CEDAR RAPIDS — It was about 15 degrees Wednesday morning, and Wachawaseme Ale was watching younger brother Abraham Irakoze climb into a red van that had just pulled up outside their southwest side apartment to give the fourth-grader a ride to Hoover Elementary.
The school is less than a mile away, but Ale was grateful his little brother wouldn’t have to walk there in the cold. Ale’s leg was in a cast — he recently broke it in a car crash — so he couldn’t take his brother to school. And his father and sister were at work. So the van ride was a huge help, he said.
It’s a new service from the Refugee and Immigrant Association, a nonprofit made up primarily of immigrants from Central and East Africa, serving community members in Johnson and Linn counties. The organization bought the van and started offering rides to school last week for children in a couple of southwest Cedar Rapids apartment buildings with large immigrant populations.
The effort grew from requests from the community. After the Aug. 10 derecho, the organization was active in some of the southwest side apartments that were hard hit by the storm, checking on residents and passing out charcoal for grills while the power was out and grocery store gift cards to help replace spoiled food.
Organizers wanted to know what else they could do to help. One need that was quickly identified was transportation. Many residents had lost their cars to tree damage and had only liability insurance, so couldn’t easily repair or replace them. Other parents work during the start or end of the school day but worried about their children walking to and from school alone.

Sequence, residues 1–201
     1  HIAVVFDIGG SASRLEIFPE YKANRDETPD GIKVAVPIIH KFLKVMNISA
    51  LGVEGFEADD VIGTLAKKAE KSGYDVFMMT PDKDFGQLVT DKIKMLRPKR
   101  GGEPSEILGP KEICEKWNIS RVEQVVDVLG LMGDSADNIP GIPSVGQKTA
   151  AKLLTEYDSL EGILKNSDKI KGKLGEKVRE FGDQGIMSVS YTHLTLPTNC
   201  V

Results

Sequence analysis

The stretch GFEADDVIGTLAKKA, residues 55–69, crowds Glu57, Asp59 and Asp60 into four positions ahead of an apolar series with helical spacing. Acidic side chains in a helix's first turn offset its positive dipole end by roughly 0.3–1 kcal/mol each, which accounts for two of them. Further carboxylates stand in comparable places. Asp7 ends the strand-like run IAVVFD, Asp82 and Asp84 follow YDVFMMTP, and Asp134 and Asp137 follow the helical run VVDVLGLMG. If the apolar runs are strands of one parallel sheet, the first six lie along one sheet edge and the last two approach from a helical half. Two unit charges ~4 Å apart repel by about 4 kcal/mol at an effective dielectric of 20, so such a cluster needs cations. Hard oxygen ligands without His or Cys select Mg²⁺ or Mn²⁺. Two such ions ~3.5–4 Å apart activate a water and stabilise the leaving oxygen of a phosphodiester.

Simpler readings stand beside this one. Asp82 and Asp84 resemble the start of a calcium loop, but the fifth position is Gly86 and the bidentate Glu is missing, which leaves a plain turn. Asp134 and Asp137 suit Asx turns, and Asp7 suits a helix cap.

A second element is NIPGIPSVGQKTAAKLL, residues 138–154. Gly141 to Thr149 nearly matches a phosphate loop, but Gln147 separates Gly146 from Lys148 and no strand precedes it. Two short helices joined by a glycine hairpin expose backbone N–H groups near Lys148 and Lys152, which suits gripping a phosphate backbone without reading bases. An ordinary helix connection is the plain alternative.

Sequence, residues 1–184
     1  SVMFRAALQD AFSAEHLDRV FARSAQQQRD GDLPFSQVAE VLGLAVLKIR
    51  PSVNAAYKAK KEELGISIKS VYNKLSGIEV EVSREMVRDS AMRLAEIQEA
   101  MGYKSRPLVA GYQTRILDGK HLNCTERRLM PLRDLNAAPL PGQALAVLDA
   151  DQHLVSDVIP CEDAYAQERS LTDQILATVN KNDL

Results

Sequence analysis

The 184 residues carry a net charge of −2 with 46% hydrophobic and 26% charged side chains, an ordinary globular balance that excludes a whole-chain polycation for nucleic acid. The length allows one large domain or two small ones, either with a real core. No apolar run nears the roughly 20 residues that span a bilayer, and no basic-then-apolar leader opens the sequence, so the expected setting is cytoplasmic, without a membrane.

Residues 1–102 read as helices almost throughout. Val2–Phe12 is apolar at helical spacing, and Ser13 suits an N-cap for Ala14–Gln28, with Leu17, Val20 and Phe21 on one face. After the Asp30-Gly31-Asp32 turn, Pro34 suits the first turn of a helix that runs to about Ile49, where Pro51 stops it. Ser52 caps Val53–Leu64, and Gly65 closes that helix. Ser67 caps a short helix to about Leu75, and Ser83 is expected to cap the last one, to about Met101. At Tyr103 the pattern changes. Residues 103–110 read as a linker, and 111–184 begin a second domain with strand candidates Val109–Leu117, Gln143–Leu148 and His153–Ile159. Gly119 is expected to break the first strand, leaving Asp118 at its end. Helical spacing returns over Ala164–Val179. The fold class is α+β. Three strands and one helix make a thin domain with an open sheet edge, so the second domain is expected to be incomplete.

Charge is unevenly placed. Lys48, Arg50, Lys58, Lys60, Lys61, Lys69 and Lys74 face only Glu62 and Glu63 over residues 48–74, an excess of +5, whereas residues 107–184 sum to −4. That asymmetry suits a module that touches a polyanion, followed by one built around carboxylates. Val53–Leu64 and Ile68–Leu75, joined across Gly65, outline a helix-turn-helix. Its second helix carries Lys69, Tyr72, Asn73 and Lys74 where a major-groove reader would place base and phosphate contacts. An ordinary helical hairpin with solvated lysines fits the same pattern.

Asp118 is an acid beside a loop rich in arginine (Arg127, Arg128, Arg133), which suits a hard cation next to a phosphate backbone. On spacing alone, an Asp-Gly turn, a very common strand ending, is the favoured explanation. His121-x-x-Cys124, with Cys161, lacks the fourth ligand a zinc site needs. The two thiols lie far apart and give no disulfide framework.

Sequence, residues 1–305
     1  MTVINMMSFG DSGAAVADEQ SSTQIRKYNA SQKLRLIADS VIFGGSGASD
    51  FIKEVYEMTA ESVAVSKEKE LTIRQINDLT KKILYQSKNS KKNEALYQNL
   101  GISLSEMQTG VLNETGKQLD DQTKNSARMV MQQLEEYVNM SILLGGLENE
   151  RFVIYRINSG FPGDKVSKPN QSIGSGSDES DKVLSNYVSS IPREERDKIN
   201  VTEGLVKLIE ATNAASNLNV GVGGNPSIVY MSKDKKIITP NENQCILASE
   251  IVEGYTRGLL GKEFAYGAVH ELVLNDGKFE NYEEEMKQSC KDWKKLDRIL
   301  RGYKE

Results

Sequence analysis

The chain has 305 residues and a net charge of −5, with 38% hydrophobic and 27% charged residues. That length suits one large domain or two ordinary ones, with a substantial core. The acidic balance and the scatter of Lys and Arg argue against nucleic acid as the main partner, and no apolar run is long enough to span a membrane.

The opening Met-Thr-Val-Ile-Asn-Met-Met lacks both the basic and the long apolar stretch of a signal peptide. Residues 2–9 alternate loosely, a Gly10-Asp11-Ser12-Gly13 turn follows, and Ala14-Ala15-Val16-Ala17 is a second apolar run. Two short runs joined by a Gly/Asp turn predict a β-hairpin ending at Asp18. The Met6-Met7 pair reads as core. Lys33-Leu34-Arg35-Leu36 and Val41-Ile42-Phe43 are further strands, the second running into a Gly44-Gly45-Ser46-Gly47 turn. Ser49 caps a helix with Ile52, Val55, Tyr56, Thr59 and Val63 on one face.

“We asked, ‘What do you need for sustainability of the community?’” board member Belton Wendo said. “One community member came with the idea and said he has been knocking on doors at the schools and at other organizations to find transportation for kids who walk to school.”
The children they are helping live less than 2 miles from the schools and thus do not qualify for district busing under Iowa code, which says elementary and middle school students must live more than 2 miles from their school, and high school students must live more than 3 miles away.
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The man who proposed the idea was Felecien Nkulikiye, who lives at the Glenbrook Apartments. With Refugee and Immigrant Association member Immaculee Mukahigiro translating for him, he said his own children are too old to need the service, but he wanted to help all the children he saw walking each day. The route from the apartment complex to Hoover goes along busy Wiley Boulevard SW.
“When you get outside, you are very, very cold,” he said. “Even if you have a coat, walking is hard in winter. I have seen children walking and shivering. I felt bad I could not do anything about that. I was feeling bad in my heart.”
Right now the association has one van, though Wendo said it hopes to purchase a second, as the first van is already almost full each day, taking kids to Hoover and Cleveland elementaries.
Word of the service has spread by word-of-mouth through the parents who live in the buildings. Parents paid $20 each to contribute to the fundraising for the van, and organization board members raised the rest of the money from their own pockets and from other community members.
“Now we are thinking about how to get other community members to be involved,” Wendo said. “We’re welcoming everybody to come and volunteer for driving, taking kids to school and after school.”
People can learn more about the organization and how to get involved at refugeeimmigrant.org.
Wendo said they have formed a parents committee from the apartment complexes they’ve been working with, to collect input from residents and pass it on to the organization’s board. He said they want their support to reflect what the community says its needs, rather than make assumptions.
For Ale, watching his brother get a ride to school, this fit the bill.
“It’s the little supportive things. It’s perfect,” he said.
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